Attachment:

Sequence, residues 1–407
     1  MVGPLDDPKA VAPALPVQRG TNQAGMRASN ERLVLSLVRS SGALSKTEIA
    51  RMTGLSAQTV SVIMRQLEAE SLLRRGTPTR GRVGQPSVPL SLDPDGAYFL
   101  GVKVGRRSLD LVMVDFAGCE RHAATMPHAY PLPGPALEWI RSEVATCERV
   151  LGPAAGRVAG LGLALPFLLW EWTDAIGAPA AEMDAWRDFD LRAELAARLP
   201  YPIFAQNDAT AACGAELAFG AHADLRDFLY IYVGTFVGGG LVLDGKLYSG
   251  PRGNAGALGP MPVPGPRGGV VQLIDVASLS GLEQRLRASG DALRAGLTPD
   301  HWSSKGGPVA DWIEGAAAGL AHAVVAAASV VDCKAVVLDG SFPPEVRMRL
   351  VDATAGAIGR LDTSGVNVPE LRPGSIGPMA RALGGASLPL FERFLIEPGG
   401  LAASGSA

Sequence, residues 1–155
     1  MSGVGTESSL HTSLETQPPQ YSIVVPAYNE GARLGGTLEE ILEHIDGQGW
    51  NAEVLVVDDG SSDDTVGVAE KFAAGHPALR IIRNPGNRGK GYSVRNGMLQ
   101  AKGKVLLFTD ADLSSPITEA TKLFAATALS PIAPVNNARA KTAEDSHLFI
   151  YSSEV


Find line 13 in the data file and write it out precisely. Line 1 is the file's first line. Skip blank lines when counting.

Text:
    51  NAEVLVVDDG SSDDTVGVAE KFAAGHPALR IIRNPGNRGK GYSVRNGMLQ